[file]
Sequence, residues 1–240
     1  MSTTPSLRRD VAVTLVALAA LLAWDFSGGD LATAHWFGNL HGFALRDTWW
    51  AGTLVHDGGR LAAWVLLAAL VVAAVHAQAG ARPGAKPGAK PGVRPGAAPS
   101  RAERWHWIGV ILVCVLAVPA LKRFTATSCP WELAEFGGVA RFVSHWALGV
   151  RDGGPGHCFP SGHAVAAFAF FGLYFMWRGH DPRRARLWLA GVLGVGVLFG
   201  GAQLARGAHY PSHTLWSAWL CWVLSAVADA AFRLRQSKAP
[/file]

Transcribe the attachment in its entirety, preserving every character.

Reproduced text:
Sequence, residues 1–240
     1  MSTTPSLRRD VAVTLVALAA LLAWDFSGGD LATAHWFGNL HGFALRDTWW
    51  AGTLVHDGGR LAAWVLLAAL VVAAVHAQAG ARPGAKPGAK PGVRPGAAPS
   101  RAERWHWIGV ILVCVLAVPA LKRFTATSCP WELAEFGGVA RFVSHWALGV
   151  RDGGPGHCFP SGHAVAAFAF FGLYFMWRGH DPRRARLWLA GVLGVGVLFG
   201  GAQLARGAHY PSHTLWSAWL CWVLSAVADA AFRLRQSKAP